After we called for supplemental briefing on the question of appellate jurisdiction, Cisneros reformulated his position. Now he tells us that "he is immune from prosecution on structural separation of powers grounds," and that "he should not be forced to endure a criminal trial where the very conduct of the trial itself will violate the separation of powers by causing the courts to invade the exclusive constitutional province of coordinate branches." Supplemental Brief for Appellant at 1-2. In other words, no longer is it the "adjudication" of materiality that will "violate the separation of powers"; it is the "very conduct of the trial." "One must be careful," the Supreme Court has reminded us, "not to play word games with the concept of a 'right not to be tried.' In one sense, any legal rule can be said to give rise to a 'right not to be tried' if failure to observe it requires the trial court to dismiss the indictment or terminate the trial. But that is assuredly not the sense relevant for purposes of the exception to the final judgment rule." Midland Asphalt Corp., 489 U.S. at 801, 109 S.Ct. 1494. We do not doubt that Cisneros, like any criminal defendant, may raise separation of powers as a defense. See Munoz-Flores, 495 U.S. at 394, 110 S.Ct. 1964. But it scarcely follows that whenever a defendant relies on the separation-of-powers doctrine, the defendant's right must be treated as if it rested on an "explicit ... guarantee that trial will not occur." Midland Asphalt Corp., 489 U.S. at 801, 109 S.Ct. 1494. Most separation-of-powers claims are clearly not in that category. See, e.g., Mistretta v. United States, 488 U.S. 361, 109 S.Ct. 647, 102 L.Ed.2d 714 (1989). A few may be. For instance, a trial court's order denying a President's claim of separation-of-powers immunity from civil actions during his term of office falls within the collateral order doctrine: the right asserted would be irretrievably lost if there could be no immediate appeal. See Clinton, 520 U.S. at 690, 117 S.Ct. 1636; Jones v. Clinton, 72 F.3d 1354, 1357 n. 4 (8th Cir.1996).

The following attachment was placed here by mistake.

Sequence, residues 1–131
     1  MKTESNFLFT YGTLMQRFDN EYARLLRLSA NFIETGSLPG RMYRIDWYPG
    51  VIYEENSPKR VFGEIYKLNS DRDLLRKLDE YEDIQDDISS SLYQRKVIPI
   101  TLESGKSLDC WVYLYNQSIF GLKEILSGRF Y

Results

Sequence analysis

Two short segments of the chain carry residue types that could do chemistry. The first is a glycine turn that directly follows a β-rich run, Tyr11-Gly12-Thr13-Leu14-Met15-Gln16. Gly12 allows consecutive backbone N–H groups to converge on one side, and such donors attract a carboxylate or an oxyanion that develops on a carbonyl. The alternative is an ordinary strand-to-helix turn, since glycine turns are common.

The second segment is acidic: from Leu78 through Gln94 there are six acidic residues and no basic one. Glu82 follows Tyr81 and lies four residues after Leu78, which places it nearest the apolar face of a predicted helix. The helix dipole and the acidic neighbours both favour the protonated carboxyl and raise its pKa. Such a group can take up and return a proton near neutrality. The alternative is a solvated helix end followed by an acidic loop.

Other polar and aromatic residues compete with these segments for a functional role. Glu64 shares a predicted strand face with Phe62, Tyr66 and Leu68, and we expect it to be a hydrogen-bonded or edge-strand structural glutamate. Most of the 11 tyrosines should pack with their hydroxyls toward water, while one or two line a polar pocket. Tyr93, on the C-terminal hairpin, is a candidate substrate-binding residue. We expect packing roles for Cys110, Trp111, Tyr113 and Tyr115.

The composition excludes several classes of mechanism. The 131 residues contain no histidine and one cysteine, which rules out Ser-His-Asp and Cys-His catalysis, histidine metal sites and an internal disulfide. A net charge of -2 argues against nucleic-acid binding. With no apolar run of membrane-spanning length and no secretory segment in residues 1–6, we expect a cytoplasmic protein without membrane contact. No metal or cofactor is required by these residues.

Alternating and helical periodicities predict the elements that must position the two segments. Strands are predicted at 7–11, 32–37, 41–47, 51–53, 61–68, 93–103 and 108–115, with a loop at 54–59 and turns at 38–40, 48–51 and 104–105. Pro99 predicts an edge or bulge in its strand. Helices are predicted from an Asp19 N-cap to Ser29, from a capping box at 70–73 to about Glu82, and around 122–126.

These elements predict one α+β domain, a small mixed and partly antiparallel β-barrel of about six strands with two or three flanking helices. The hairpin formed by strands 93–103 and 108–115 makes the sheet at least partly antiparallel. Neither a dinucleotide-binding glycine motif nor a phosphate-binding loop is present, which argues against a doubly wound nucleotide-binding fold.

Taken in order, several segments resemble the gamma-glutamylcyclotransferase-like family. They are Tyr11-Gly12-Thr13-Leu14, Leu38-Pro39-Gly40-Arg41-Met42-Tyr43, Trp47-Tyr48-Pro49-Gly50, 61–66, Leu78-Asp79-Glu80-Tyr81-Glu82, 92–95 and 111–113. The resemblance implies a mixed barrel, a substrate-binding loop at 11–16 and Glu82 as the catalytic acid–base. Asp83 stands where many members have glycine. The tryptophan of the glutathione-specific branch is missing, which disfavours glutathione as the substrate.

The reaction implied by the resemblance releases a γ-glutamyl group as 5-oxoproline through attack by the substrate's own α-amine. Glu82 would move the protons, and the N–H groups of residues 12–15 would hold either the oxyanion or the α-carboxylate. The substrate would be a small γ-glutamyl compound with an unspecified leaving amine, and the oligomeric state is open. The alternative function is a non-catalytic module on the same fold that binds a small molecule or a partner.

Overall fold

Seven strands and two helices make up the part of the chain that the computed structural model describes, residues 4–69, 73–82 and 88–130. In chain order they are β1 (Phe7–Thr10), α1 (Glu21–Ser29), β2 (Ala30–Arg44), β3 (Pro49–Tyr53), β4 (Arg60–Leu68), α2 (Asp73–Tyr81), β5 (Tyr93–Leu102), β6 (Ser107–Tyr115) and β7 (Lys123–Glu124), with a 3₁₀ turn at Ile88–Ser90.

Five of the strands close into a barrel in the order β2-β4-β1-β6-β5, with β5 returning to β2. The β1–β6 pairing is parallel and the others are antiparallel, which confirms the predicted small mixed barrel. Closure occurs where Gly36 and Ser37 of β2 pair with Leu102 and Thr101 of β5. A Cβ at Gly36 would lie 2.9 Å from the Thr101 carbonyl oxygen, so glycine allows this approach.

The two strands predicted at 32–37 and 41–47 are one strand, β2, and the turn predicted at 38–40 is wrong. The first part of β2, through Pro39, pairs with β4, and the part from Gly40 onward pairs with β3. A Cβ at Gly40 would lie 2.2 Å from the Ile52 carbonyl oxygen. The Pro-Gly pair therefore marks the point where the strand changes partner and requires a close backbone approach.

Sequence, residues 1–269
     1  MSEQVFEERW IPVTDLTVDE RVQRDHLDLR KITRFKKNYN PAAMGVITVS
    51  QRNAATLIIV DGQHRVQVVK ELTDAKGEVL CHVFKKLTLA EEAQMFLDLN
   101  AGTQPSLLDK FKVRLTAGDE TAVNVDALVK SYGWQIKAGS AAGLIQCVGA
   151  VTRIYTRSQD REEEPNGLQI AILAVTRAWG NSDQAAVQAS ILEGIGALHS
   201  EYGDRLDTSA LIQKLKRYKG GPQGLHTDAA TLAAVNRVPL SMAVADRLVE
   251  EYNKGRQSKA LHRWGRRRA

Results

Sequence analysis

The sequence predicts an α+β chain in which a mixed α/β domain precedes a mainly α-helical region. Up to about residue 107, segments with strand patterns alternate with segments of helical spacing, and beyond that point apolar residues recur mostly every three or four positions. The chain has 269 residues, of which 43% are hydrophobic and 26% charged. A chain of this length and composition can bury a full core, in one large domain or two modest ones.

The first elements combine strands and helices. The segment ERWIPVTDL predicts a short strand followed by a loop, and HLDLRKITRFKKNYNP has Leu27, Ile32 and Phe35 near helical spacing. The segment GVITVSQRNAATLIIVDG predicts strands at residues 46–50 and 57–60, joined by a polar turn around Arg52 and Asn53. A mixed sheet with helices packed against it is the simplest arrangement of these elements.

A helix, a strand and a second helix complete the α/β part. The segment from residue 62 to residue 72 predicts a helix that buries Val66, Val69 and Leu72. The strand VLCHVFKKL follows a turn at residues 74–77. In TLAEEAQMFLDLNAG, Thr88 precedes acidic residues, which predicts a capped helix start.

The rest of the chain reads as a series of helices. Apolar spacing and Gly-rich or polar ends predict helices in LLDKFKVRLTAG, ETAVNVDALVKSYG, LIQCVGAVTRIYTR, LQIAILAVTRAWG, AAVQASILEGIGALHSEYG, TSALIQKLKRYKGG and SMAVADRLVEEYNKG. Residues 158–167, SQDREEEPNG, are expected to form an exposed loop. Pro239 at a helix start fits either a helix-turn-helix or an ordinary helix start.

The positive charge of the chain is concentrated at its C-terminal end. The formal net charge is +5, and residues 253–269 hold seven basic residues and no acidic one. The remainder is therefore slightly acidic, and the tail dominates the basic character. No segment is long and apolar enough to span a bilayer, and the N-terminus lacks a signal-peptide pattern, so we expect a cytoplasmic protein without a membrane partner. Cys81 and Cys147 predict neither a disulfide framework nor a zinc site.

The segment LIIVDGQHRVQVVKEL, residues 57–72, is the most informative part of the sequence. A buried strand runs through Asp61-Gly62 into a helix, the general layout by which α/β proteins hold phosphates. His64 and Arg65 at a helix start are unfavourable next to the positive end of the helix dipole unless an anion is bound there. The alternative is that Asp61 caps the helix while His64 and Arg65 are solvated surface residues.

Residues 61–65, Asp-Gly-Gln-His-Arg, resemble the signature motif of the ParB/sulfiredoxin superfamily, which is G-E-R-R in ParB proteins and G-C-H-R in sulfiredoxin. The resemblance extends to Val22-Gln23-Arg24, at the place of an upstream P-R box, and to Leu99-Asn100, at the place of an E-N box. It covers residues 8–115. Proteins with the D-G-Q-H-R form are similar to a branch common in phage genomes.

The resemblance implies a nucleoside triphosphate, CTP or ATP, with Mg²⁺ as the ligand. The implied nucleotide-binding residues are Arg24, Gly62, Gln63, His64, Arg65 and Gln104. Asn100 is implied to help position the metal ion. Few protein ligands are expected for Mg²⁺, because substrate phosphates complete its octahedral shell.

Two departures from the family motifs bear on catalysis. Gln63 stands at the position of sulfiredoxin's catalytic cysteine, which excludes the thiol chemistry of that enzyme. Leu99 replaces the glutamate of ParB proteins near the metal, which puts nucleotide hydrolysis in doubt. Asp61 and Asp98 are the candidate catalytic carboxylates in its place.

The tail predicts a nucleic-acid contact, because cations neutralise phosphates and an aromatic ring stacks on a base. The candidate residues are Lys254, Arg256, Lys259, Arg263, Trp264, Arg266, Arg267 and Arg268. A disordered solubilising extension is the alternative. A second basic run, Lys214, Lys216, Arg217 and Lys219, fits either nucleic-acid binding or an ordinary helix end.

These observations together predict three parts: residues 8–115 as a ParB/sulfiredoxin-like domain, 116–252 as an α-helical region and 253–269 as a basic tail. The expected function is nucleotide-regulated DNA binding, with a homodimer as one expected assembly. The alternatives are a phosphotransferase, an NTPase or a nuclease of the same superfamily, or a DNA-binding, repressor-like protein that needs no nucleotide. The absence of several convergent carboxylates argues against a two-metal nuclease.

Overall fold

Nothing Cisneros argues amounts to a right not to be tried. He cannot point to anything guaranteeing him an immunity from standing trial. What he alleges is a constitutional affront flowing from an adjudication of materiality. This is not an affront to Cisneros personally. His complaint is aimed at a supposed infringement of the President's authority and of the Senate's. Yet trying him would not itself interfere with the President's nomination judgments or with the Senate's advise-and-consent function. During Cisneros's trial the President could continue nominating whomever he pleased, and the Senate could continue confirming, or refusing to confirm, those nominees for whatever reasons it saw fit. The short of the matter is that neither the President's nor the Senate's constitutional powers would be forever lost if Cisneros could appeal only after the jury returned its verdict.